Bumpy rides along Pacific Avenue in Atlantic City could soon become a thing of the past as the Casino Reinvestment Development Authority has agreed to fund repaving of the roadway.
Work is expected to begin as early as this fall.
CRDA Executive Director John Palmieri said the authority expects it will take $3 million to $4 million to completely repave Pacific, the main thoroughfare through the city. Authority engineers are working on specifications and expect to be ready to seek bids on the project within the next two or three months.
Officials initially looked at beginning construction quickly, but news that the Miss America Pageant would return in September coupled within the already busy summer season has led the authority to target October for a possible construction start.
That leaves a small time frame for crews to work before the weather turns too cold, but it should also create the least amount of disruption during the heavy tourist season, officials said. The project will also require cooperation and various approvals from the city, which owns Pacific Avenue.
“There was some effort on our part and the city’s (part) to identify state monies — transportation improvement funds that the state gets. It would have taken a long time, I think, to get it in the queue,” Palmieri said. “So we’ve agreed to do the job.”
That will include milling, paving and taking care of some of the “geometric issues” the road faces, Palmieri said, referring to some of the especially uneven surfaces at intersections. Not all of that can be fixed easily, as some of the unevenness is attributed to utilities buried beneath the roadway.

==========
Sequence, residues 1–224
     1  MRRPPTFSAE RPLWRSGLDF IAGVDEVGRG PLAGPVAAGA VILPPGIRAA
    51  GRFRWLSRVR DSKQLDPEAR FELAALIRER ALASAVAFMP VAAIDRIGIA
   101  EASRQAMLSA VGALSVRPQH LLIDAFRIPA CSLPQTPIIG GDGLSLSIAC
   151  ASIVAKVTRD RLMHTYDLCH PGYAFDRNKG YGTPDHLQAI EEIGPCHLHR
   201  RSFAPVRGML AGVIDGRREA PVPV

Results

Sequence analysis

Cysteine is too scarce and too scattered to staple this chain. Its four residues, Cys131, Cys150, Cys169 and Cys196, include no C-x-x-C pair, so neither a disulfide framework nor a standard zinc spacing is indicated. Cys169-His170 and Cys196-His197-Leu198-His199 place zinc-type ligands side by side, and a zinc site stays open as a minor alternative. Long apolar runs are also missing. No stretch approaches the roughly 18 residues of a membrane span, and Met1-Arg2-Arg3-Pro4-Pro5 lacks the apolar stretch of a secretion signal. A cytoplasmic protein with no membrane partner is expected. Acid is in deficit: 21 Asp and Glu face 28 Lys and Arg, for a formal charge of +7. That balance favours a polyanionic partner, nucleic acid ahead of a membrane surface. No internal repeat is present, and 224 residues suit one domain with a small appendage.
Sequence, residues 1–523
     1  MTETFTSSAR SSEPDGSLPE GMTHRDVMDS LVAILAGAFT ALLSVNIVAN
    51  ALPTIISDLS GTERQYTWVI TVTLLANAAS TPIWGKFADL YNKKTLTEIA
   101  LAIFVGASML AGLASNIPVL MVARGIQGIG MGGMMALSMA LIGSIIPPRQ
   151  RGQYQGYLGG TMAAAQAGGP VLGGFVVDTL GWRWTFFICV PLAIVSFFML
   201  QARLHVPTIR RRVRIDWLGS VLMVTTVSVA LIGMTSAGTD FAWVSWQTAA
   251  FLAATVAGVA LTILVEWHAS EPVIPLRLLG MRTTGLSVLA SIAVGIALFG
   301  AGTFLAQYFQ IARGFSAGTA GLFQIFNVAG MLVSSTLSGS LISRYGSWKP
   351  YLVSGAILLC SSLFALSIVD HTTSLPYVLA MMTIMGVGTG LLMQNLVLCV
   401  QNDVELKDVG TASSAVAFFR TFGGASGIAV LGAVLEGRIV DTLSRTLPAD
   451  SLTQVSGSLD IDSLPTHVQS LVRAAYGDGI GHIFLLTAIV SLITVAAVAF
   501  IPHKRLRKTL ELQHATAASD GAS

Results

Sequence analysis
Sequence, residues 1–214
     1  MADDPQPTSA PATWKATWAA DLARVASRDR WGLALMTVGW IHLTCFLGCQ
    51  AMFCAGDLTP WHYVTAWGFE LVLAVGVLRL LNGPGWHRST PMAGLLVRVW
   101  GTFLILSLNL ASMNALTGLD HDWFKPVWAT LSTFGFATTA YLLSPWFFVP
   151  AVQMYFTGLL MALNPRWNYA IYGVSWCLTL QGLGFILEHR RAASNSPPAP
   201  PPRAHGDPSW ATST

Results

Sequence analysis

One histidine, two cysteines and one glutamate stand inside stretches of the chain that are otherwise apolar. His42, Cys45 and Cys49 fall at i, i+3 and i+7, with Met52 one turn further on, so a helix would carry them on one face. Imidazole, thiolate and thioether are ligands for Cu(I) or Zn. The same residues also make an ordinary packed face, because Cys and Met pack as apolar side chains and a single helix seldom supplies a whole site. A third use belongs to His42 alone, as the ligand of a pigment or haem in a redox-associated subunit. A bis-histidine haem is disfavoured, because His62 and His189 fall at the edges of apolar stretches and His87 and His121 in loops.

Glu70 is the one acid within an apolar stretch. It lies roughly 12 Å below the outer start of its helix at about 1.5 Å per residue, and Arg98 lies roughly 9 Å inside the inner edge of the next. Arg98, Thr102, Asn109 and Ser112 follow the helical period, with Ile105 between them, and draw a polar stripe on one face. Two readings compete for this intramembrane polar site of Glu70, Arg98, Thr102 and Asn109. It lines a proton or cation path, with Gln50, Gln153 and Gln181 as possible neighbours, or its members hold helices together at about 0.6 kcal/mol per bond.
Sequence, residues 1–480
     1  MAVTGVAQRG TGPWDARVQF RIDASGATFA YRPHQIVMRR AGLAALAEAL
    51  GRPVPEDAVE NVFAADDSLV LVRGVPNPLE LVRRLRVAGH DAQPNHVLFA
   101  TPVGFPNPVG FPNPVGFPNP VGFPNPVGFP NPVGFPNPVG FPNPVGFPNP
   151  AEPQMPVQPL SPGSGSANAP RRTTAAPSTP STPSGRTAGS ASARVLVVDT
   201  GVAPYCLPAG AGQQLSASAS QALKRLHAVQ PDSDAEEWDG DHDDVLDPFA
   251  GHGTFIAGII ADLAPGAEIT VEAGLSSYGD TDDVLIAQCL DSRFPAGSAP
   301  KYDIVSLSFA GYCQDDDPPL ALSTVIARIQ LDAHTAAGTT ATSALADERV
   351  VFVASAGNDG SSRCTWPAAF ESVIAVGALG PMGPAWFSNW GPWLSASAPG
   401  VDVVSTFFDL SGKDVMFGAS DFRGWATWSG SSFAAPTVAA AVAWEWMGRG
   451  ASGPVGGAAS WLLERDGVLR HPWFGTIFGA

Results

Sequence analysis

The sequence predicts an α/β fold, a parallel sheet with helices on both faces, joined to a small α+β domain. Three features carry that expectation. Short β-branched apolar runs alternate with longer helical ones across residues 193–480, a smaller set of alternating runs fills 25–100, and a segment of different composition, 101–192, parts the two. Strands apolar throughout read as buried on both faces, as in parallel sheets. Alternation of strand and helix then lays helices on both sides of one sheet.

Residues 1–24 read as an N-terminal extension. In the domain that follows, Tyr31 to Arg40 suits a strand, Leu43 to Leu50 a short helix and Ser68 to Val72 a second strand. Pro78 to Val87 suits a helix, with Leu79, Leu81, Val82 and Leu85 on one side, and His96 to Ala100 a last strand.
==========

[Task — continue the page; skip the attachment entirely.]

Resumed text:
“When people call us and say, ‘You’ve got to level that,’ well ... that might be an issue,” Palmieri said.
It’s not yet clear which sections of the roadway will be tackled first, but the process will almost certainly continue into 2014. The authority will likely have a window between October and November for the paving, although if the weather is warm that could extend longer.
The bumpiness of Pacific Avenue has been noted by both visitors and residents in recent years. Pacific Avenue paving was among the concerns raised by residents in community meetings with CRDA officials prior to the adoption of the Tourism District Master Plan last year.
The bumps are more than a nuisance; they can also significantly contribute to wear and tear on vehicles, Atlantic City Jitney Association President Tom Woodruff said.
As the fleet of jitneys is banged around on Pacific Avenue, the association has found that ball joints on the jitneys have to be replaced prematurely, at about 25,000 or 30,000 miles, rather than the recommended 60,000.
“It’s pretty much doubled the maintenance on 190 vehicles. That gets expensive,” Woodruff said.
Portions of Pacific Avenue have been repaved over the years, including the area in front of Caesars and Bally’s about five years ago. Woodruff said the change seen in those portions is noticeable, and jitney passengers often comment on the difference.
“It’s like you can see how nice it could be if they could do the whole thing,” Woodruff said.
Palmieri said he drives Pacific Avenue often and wouldn’t characterize its condition as terrible. Still, he said, the authority recognizes that improvements need to be made.
“If you’re in the city — a busy city — just drive a little slower,” he said. “If you drive at 40 miles an hour, yeah, you’ll get banged around.”
The city will have to sign off on any improvement plans.
City Engineer William England did not return calls Monday seeking information on the paving.
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